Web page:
Sunday, April 25, 2010

Spring is "Sprung"


Gerard Manley Hopkins

Nothing is so beautiful as spring—
When weeds, in wheels, shoot long and lovely and lush;
Thrush’s eggs look little low heavens, and thrush
Through the echoing timber does so rinse and wring
The ear, it strikes like lightnings to hear him sing;
The glassy peartree leaves and blooms, they brush
The descending blue; that blue is all in a rush
With richness; the racing lambs too have fair their fling.

What is all this juice and all this joy?
A strain of the earth’s sweet being in the beginning
In Eden garden.—Have, get, before it cloy,
Before it cloud, Christ, lord, and sour with sinning,
Innocent mind and Mayday in girl and boy,
Most, O maid’s child, thy choice and worthy the winning

I’m reading Spring by Gerard Manley Hopkins and getting drunk on words. That someone can swing language around like this, make it sing even, is too beautiful for words, and yet obviously it is not too beautiful for words.

“What is all this juice and all this Joy?” What is it but a man who is also drunk with words, drunk on spring, drunk on creation itself perhaps. As Saint Paul says, “Be not drunk with wine,…but be filled with the Spirit.” The miracle of poetry is that it can express things otherwise inexpressible. It is no accident that the largest collection of prayers in the Bible, the book of Psalms, is also a collection of poems.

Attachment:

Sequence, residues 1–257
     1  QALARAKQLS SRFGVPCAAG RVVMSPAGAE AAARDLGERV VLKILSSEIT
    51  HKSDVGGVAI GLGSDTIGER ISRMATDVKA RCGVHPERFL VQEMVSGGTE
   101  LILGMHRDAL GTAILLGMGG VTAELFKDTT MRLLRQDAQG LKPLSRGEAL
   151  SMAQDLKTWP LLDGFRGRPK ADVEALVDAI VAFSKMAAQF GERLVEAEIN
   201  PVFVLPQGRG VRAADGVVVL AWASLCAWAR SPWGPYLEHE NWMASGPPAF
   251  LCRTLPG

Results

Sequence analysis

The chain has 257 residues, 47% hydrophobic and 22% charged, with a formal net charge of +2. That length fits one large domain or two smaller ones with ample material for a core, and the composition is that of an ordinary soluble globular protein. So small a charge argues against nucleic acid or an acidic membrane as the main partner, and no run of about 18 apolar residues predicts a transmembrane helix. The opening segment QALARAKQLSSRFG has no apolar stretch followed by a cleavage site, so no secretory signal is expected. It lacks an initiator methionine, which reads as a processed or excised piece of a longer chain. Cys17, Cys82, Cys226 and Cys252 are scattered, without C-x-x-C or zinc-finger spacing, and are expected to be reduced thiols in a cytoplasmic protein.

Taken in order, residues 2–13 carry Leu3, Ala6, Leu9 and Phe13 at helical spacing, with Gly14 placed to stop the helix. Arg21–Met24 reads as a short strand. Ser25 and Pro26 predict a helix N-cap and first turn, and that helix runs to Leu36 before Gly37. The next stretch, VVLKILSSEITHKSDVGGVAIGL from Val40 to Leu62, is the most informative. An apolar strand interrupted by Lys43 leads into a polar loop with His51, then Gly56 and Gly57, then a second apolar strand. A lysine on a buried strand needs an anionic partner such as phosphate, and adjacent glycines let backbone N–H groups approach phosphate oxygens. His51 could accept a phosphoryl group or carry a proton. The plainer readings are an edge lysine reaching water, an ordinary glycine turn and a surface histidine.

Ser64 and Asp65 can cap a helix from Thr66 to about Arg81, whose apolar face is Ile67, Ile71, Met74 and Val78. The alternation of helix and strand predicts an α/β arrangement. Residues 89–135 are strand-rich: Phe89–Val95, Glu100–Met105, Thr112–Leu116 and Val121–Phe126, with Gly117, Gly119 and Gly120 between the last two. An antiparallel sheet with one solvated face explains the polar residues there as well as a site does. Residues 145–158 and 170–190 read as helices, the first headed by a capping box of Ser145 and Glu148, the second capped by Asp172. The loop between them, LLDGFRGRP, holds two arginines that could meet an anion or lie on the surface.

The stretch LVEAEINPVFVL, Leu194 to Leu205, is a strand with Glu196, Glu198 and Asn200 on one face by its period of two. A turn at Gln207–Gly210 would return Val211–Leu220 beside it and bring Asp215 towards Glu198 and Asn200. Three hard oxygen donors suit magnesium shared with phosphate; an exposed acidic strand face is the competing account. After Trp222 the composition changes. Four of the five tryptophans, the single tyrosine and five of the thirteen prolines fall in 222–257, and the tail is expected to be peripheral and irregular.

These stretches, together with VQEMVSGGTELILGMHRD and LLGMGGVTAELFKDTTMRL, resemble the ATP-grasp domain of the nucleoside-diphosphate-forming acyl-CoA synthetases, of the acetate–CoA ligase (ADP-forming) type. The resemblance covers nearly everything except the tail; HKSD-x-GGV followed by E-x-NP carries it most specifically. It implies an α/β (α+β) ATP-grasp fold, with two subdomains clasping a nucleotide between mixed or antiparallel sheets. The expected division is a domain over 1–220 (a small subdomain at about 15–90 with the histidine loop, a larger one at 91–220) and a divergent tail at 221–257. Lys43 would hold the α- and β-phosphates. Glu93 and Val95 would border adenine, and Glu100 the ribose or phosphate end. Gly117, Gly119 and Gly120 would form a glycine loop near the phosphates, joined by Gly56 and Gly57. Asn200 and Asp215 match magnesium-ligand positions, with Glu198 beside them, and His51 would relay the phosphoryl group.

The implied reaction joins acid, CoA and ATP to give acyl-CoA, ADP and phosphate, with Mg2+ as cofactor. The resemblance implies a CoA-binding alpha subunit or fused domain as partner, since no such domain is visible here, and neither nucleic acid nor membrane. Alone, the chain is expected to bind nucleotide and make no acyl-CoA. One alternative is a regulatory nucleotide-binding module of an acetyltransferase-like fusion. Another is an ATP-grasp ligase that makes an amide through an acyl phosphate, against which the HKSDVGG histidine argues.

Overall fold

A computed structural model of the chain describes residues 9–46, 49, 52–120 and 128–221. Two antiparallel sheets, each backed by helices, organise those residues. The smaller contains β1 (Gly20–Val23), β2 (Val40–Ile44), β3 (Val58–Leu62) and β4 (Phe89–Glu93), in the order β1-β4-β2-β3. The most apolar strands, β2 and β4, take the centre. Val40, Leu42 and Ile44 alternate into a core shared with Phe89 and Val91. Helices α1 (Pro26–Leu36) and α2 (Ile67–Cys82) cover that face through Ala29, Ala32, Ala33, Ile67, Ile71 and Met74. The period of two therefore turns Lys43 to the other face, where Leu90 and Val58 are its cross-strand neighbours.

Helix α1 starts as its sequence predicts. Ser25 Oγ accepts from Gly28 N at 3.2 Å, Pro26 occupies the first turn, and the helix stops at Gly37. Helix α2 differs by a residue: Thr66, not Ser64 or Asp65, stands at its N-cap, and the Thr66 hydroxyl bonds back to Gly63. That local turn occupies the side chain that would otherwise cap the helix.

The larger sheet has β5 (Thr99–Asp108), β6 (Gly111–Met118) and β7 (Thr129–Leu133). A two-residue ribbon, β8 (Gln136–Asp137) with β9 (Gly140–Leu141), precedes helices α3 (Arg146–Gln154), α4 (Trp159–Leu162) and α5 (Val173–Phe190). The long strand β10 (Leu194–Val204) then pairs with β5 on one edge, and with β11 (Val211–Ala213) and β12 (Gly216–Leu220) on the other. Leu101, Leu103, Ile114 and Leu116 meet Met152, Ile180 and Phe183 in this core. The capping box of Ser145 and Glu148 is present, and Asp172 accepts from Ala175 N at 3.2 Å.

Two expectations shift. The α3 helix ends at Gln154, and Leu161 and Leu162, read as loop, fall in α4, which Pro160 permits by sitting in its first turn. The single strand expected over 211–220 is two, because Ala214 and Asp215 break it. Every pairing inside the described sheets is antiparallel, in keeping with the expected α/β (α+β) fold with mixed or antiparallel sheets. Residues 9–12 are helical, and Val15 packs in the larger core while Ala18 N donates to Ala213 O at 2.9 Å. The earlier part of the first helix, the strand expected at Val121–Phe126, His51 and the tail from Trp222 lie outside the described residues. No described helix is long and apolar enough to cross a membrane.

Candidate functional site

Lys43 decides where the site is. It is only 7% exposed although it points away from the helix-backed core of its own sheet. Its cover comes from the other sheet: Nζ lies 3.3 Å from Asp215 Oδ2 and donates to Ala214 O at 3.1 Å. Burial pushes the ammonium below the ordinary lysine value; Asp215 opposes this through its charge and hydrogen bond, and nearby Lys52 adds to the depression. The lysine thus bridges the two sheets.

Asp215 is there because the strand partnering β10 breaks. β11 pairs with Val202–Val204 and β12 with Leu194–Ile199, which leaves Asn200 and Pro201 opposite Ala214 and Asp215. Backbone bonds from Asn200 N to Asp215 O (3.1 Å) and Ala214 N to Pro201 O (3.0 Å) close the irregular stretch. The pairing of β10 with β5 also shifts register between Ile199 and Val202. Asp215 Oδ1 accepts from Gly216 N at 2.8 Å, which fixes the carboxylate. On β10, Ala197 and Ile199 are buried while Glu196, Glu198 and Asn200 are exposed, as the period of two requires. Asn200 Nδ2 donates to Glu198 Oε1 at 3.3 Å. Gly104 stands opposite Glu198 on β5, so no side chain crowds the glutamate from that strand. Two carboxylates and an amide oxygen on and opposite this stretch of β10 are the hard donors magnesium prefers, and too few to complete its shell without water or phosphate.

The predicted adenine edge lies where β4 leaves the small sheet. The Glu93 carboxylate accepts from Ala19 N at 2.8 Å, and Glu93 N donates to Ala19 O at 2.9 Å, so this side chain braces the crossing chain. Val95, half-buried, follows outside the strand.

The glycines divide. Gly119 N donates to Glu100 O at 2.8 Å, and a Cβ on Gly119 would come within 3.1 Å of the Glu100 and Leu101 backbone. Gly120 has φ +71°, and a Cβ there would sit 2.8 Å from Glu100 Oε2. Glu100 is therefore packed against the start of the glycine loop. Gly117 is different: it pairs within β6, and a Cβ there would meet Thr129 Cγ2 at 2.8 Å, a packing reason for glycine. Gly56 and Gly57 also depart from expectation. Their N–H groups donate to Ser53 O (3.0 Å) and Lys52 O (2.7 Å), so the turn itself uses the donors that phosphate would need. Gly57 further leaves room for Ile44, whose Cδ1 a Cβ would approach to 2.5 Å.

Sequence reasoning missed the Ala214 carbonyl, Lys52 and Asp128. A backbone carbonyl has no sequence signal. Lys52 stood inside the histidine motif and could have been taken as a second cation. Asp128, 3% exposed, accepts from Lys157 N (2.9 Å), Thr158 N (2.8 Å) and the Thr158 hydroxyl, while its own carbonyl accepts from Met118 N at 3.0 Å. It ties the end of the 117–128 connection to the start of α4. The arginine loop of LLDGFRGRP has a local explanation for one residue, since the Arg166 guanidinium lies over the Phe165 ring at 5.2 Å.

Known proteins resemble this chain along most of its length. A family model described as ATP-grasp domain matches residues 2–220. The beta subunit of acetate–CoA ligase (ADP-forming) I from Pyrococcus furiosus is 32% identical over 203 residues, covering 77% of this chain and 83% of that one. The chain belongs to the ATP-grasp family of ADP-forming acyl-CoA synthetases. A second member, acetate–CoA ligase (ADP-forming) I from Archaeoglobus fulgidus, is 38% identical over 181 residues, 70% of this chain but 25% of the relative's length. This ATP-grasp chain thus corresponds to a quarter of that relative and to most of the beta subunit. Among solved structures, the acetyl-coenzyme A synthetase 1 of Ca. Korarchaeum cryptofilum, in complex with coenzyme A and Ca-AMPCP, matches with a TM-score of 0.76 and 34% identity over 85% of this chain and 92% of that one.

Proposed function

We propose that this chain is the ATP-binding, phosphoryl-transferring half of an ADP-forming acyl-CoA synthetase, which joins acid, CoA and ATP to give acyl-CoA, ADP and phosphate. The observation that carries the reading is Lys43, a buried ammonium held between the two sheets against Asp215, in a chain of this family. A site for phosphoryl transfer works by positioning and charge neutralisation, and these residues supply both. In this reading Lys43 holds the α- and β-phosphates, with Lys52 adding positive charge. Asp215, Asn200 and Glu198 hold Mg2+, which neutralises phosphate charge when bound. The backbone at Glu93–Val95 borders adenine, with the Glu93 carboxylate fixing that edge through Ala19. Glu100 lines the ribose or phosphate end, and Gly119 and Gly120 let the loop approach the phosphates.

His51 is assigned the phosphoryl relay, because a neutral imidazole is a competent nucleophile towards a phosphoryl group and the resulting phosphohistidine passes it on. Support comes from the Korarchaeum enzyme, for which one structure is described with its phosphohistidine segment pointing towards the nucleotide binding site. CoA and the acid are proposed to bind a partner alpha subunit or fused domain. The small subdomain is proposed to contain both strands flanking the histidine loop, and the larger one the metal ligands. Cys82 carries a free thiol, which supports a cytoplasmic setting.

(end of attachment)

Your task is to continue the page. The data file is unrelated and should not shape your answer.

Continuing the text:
Poetry, like prayer, has no real economic value. We don’t need it to survive, but one could make a case that we need it to be human. What if a society no longer felt any need to express the inexpressible? What if all of our feelings about the world were pinned down like bugs on a specimen board? The market wants to do this with everything of course. How much should we charge for awe?

Poetry, thankfully, deals mostly in the inexpressible. When Robert Frost was once asked by a reader to explain one of his poems, he famously replied, “What do you want me to do? Say it over again in worser English?”

Getting back to Hopkins, the poem is about spring of course, the blooming, birthing, and breeding that take place when the earth wakes up from winter. What gets me here is that the language itself tries to outdo the wonders it describes. It’s as if new sounds are being born and crashing into one another like the tiny thrushes that will soon hatch from the eggs. There is an opulence to the language in this poem that suggests a wealth apart from wealth. The things we keep in our heads, I think, are our true currency in this world. Money you can lose, but memorize a poem and it’s yours. Perhaps the use of language itself can be thought of as a kind of affluence.

I could say more about this poem and why it is wonderful, but I’m afraid I’ll slip into the kind of flowery, insipid language that the poet avoids. That’s the difficulty in describing the beautiful; how do you do it with a straight face? Somehow Hopkins manages to be opulent without being silly. There is a respect for the natural world in his writing that prevents him from becoming sentimental; he doesn’t anthropomorphize (not really). He doesn’t need to. Real beauty, when encountered, doesn’t require explanation. It doesn’t require us to make pandering gestures in its direction. It does require us, if we want to get anything out of the exchange, to pay attention.

The Urban Luddite

Saturday, February 20, 2010

Taking Our Time